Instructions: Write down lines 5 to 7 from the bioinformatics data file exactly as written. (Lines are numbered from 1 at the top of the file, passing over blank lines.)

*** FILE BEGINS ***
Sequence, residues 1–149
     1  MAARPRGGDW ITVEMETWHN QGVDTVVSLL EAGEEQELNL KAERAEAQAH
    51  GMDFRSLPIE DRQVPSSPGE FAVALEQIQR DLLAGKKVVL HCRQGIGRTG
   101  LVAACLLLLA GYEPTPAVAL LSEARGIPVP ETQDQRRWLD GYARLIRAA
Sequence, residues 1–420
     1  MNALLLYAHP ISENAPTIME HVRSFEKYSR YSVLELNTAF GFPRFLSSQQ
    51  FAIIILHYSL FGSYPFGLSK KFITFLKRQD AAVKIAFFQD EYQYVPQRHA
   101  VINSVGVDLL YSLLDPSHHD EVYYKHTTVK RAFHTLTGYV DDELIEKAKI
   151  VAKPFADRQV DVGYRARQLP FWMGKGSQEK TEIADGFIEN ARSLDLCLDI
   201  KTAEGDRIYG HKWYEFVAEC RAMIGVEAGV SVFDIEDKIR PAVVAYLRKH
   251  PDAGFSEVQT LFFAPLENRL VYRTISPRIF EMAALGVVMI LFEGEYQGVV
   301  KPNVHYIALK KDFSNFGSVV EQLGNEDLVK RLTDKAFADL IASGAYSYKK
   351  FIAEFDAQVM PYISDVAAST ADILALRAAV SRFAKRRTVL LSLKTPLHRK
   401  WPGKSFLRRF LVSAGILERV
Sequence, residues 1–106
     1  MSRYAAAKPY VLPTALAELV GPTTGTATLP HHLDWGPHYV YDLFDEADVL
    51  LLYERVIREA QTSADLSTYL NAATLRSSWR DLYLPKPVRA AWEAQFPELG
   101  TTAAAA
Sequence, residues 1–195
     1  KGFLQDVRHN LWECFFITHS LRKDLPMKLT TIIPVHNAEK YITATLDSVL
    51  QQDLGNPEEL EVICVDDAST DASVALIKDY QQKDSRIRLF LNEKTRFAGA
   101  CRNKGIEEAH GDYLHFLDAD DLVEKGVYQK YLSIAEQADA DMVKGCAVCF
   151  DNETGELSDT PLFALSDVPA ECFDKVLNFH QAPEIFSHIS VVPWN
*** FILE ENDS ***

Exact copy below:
Sequence, residues 1–420
     1  MNALLLYAHP ISENAPTIME HVRSFEKYSR YSVLELNTAF GFPRFLSSQQ
    51  FAIIILHYSL FGSYPFGLSK KFITFLKRQD AAVKIAFFQD EYQYVPQRHA